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WildStar Review in Progress Part 2: Harder, better, faster, stronger

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Posted by: Lance Liebl

This is Part Two of our WildStar Review in progress. For Part One, click HERE. This part will cover levels 20 through 40.

An MMORPG is ever-changing. There's constant updates, improvements, tweaking and more. That's obvious from a game like World of Warcraft, which has seen numerous changed since its launch over 10 years ago. What Carbine Studios has done since they started working on WildStar is set out to make an MMORPG with fun combat, a cool story, with PvE, PvP, massive hardcore raids, housing, and most importantly, fun to play. 

One other thing they've promised is free, monthly content drops. And so far, they've delivered. But just how well is WildStar aging?

After a couple of months of playing, the combat has stayed fun. Once you're able to get most of your abilities and Amps, and dump points into them, the combat really takes off and you get to see what your class is made of. Combat hasn't dulled at all, and being so active in combat has actually made the leveling experience more pleasurable and engaging. From level 30 to 40, I did hit a bit of a slow leveling patch, as is the case with most MMOs. Grinding quests can get a little monotonous, so it's nice to be able to take breaks every once in a while to just mess with housing, or to level via PvP matches. With crafting, I've taken slowed down and barely do it now. It's not that it's not fun, but you have to devote a lot of money and time to it, and I'd rather be leveling.

As far as the content is concerned, Carbine Studios has released two big content drops -- The Strain and Sabotage. As if there isn't enough content in the game already, The Strain brought a new zone, quests, items, enemies and more to players that have reached level 50 end-game content. Sabotage, on the other hand, focused on PvP with changes to how PvP stats work and a new PvP mode. Sabotage is a 15v15 mode where you utilize bombs to blow up your enemy's base and them. These two content updates were both huge, and it's good to see Carbine Studios is keeping their word and giving tons to the players, justifying a $15/month subscription (if you're not using CREDD).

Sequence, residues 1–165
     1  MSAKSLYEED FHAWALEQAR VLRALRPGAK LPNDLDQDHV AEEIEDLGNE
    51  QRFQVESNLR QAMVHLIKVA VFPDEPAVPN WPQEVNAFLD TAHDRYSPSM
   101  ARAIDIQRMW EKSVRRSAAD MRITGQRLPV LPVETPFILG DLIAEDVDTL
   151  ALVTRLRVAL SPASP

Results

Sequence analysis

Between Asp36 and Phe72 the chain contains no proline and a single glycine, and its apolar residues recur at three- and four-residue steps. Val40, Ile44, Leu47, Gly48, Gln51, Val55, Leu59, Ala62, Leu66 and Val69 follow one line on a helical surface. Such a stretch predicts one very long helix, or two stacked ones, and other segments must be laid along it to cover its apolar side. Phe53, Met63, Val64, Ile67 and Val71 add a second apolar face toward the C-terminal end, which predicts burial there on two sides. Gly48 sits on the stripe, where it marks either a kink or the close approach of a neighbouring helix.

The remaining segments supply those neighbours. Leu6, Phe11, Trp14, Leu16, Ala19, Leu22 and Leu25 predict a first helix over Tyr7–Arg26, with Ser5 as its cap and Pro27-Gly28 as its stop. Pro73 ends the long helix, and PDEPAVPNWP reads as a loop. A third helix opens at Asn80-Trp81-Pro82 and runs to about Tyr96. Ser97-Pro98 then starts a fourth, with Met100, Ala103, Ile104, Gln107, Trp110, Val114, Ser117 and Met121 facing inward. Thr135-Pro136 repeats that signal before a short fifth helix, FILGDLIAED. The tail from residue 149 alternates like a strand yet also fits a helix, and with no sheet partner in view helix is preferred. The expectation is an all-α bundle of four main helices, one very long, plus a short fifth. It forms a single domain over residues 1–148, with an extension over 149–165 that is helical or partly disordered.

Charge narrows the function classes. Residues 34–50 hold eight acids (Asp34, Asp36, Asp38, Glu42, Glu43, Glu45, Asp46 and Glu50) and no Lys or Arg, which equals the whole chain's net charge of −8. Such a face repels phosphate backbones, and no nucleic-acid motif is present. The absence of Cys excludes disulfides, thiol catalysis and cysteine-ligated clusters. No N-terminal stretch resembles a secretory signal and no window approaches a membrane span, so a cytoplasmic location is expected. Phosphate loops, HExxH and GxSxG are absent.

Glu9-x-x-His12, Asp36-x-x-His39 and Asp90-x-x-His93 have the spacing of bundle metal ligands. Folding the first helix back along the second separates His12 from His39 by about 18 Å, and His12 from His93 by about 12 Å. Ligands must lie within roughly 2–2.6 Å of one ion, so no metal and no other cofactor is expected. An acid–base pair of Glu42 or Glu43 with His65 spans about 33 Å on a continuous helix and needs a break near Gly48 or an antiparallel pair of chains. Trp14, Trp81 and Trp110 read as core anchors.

The game has seen a lot of improvement in terms of optimization, as well. I think that was the biggest problem when the game first launched. Not only is there never a queue time anymore, but framerate issues and memory leaks have been resolved. I've had no issues for the past month or so. The UI can still use some tweaking, as I'm still not entirely happy with the nameplates, but then again, that's why the game supports mods. 

Though WildStar slowed down a bit in these levels, it's never lost my interest. There's so much to do that you can switch things up and play at your own pace. Even if I only have 20 minutes to play, I can still feel like I've progressed or done something worthwhile with my time.

Look out for the final part of the Review in Progress. 

You can follow Senior Editor Lance Liebl on Twitter @Lance_GZ. Or you can email him at LLiebl@GameZone.com.

 

Tags: WildStar, MMORPG, PC, MMO, Sci-fi, Carbine Studios, NCSOFT

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